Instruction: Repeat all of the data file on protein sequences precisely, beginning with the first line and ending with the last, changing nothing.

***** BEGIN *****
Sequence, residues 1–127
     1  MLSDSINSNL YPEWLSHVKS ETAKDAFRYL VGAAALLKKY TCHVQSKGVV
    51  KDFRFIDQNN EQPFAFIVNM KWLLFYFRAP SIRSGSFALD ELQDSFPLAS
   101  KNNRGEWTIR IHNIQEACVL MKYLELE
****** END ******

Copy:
Sequence, residues 1–127
     1  MLSDSINSNL YPEWLSHVKS ETAKDAFRYL VGAAALLKKY TCHVQSKGVV
    51  KDFRFIDQNN EQPFAFIVNM KWLLFYFRAP SIRSGSFALD ELQDSFPLAS
   101  KNNRGEWTIR IHNIQEACVL MKYLELE